For the United States, the Battle of the Alamo is in many ways its version of the Greeks' Thermopylae. In February 1836, a few hundred defenders of a small fort that once served as a mission found themselves besieged by several thousand Mexican soldiers under Mexican General Antonio Lopez de Santa Anna. Rather than withdraw, the defenders requested reinforcements and instead made a determined stand at the Alamo, eventually falling nearly down to the last man on March 6, 1836.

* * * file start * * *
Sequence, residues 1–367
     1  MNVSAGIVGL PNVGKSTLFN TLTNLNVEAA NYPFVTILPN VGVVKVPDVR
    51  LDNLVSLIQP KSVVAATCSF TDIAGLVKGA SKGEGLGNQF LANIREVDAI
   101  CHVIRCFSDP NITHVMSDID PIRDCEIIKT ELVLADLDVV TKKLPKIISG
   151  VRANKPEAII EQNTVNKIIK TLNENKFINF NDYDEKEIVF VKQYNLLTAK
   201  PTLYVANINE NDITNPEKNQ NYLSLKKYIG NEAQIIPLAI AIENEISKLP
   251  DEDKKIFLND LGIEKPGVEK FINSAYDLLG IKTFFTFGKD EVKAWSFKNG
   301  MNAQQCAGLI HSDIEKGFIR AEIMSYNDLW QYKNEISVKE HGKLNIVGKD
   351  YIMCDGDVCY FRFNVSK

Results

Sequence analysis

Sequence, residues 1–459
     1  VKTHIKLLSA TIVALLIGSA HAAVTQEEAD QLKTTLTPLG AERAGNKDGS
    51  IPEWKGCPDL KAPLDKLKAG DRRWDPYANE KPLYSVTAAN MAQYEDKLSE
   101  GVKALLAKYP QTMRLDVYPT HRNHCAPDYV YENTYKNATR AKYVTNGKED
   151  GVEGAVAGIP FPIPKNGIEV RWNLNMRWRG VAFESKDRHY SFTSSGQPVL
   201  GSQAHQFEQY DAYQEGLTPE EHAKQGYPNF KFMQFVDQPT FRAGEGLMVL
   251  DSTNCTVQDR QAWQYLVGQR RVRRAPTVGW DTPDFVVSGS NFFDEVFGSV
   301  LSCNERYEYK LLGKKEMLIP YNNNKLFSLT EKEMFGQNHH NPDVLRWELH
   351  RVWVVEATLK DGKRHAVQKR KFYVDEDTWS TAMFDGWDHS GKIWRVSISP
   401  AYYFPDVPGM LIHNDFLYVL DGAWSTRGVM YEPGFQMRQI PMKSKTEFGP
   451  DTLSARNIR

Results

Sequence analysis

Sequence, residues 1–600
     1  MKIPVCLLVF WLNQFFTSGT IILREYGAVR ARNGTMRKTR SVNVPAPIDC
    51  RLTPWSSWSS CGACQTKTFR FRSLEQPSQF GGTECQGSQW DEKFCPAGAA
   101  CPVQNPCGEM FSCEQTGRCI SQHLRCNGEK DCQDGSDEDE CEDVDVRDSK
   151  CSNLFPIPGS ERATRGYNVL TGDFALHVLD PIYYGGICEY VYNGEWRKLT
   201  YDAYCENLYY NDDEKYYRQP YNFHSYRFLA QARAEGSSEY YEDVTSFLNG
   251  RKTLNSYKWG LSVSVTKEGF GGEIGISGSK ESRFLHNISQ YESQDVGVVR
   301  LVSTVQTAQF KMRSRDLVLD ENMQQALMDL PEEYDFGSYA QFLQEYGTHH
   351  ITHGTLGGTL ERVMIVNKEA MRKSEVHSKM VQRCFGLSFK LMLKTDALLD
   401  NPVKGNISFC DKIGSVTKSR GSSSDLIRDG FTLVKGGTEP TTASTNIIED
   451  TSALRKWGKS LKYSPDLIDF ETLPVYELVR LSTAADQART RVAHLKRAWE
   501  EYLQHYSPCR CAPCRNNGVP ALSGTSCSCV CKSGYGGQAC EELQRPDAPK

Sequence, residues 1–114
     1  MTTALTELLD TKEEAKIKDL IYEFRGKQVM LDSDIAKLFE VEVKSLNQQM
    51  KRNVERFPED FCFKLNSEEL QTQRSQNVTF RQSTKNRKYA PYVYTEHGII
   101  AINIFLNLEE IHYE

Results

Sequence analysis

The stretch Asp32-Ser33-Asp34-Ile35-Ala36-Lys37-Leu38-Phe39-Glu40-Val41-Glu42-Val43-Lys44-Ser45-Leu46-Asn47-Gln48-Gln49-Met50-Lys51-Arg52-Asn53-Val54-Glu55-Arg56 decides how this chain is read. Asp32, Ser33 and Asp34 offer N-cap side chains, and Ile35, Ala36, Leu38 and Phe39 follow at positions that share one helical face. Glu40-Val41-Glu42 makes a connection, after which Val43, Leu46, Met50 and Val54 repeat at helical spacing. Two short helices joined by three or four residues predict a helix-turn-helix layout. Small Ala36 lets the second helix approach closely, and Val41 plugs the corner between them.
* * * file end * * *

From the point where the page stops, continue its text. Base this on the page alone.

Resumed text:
Like Thermoyplae, much of the narrative regarding the Battle of the Alamo is comprised of myths and legends that have been embraced, supported, and protected, turning the most famous defenders into American legends. Accounts are also wildly contradictory. The famous frontier hero Davy Crockett, who has been portrayed by none other than John Wayne, may have been among the last to die or may have been captured and executed shortly after the battle. William Barret Travis, who had abandoned his wife, son, and unborn daughter and departed for Texas, did not draw the fabled "line in the sand" with his sword and ask those who wished to stay with him in the Alamo to cross it. The number of defenders was almost certainly not the 189 long held sacred by the Daughters of the Republic of Texas.